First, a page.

21st-Century Education of a Naval Officer

It has been 135 years since Alfred Thayer Mahan first became a published author. His 1879 essay on naval education won third prize in the inaugural United States Naval Institute “General Prize Essay Contest,” appearing in what was then known as The Record of the United States Naval Institute. Recently re-printed in LCDR Benjamin Armstrong’s book 21st Century Mahan:  Sound Military Conclusions for the Modern Era, his words remain a prescient reminder of what it takes to educate young naval professionals.

Blinded With Science

Solves all the things!?

In the late nineteenth century, the burgeoning fields of steam power and advanced naval armament had “dazzled” military thinkers. Failing to fully appreciate the scope of their power, Navy leaders instituted a strenuous, technically-focused curriculum at the Naval Academy that drove young men to become engineers or other technical “specialists” in order to harness the wonders of modern science. A midshipman’s schedule was heavy with science, engineering, and technical courses at the expense of English, foreign language, and other studies of the humanities.

This movement puzzled Mahan. He viewed the education of a naval officer as principally involving morals, duty, discipline, and general professional knowledge. Required technical knowledge was only “that which enables him to discharge his many duties intelligently and thoroughly.”1 Mahan eschewed the technical specialist role, writing “that the knowledge sufficient to run and care for marine steam engines can be acquired by men of very little education is a matter of daily experience.”2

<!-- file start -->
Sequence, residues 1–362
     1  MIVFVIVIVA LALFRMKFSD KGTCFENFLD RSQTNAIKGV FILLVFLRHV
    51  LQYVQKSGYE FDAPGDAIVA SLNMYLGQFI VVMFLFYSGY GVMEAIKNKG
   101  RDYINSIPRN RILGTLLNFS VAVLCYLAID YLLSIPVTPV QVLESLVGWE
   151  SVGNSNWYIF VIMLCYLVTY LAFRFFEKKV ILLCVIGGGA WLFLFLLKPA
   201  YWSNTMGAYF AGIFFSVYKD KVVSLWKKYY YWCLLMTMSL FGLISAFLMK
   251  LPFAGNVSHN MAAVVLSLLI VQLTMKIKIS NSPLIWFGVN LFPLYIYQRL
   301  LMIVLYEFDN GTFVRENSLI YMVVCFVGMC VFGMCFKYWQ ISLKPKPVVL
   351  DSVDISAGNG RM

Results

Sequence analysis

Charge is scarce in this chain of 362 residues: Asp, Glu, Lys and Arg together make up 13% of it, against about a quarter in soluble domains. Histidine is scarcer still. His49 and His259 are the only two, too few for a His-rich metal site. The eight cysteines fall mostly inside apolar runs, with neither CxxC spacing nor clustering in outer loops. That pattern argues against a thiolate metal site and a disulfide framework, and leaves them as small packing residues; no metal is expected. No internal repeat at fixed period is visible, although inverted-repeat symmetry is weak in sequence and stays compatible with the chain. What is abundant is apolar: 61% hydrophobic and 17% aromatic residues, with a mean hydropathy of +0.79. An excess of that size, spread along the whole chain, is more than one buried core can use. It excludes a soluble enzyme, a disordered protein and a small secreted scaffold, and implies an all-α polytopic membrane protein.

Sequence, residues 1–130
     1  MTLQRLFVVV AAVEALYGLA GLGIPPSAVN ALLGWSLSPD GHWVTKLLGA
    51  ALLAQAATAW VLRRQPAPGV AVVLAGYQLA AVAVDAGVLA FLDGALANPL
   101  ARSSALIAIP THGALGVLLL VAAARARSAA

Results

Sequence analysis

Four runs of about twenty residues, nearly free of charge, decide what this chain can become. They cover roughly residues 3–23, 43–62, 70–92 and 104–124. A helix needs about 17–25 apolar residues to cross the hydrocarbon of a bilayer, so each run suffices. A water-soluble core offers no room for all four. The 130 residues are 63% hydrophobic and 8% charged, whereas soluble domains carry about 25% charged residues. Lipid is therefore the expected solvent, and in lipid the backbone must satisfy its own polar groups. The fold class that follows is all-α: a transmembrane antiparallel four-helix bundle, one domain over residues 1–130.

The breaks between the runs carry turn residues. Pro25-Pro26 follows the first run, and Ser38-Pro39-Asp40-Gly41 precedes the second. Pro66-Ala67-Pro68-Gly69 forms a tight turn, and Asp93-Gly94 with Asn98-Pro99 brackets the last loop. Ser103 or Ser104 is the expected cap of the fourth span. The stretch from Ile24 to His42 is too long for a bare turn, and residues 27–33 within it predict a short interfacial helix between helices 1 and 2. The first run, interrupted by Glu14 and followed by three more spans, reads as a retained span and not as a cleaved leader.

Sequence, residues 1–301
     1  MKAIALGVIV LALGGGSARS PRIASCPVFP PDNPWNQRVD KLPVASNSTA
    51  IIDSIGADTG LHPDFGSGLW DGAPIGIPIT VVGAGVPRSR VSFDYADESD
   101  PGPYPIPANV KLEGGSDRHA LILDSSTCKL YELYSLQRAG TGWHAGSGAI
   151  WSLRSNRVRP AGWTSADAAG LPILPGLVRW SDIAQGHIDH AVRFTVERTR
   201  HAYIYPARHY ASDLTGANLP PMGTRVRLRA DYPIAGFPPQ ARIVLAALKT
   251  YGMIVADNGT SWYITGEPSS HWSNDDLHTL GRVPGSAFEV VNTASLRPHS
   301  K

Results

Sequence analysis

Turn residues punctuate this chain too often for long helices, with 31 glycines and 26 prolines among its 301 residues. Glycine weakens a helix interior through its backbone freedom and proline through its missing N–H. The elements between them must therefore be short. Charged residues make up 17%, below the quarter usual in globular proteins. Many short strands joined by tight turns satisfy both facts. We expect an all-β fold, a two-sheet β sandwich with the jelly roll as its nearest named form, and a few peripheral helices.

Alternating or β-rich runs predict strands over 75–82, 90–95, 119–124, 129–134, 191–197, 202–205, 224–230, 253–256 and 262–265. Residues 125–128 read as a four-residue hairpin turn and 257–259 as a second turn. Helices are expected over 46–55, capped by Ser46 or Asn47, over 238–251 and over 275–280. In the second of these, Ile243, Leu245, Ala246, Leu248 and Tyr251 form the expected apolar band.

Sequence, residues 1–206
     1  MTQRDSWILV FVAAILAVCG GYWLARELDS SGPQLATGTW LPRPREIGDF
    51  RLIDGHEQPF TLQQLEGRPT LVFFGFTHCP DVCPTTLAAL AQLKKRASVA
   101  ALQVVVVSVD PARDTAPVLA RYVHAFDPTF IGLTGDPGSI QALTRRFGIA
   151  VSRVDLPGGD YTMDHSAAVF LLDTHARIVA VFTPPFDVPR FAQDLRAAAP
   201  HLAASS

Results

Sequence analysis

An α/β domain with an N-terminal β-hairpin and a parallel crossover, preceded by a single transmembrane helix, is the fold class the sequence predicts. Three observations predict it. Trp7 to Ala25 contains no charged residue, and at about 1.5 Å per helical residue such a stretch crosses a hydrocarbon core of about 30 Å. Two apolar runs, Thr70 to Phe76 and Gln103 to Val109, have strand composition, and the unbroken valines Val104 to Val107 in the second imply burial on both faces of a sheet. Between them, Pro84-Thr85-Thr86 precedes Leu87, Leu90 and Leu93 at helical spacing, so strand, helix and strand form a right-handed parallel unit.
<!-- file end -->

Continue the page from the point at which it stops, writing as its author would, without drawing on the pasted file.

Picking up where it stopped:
Nearly one and a half centuries later, we still find ourselves dazzled by science. Drones, cyber warfare, and other transformational technologies have led Admirals and Generals alike to clamor for officers grounded firmly in math and science. In the October 2012 issue of Proceedings, Vice Admiral Nancy Brown, USN (ret), Captain Danelle Barrett, USN, and Lieutenant Commander Jesse Castillo, USN wrote that “to build the kind of force necessary to excel in the cybersphere, the Navy’s entire man, train, and equip paradigm must be revamped to produce a new kind of officer equipped for the task: a cyber-warfare officer.”3 This belief runs counter to the moral education advocated by Mahan. Again, we are “dazzled” by the complexity of the cybersphere, and feel that we must need a completely new set of officers to fill this role. Such drastic changes may create cyber specialists, but they do not necessarily create professional naval officers.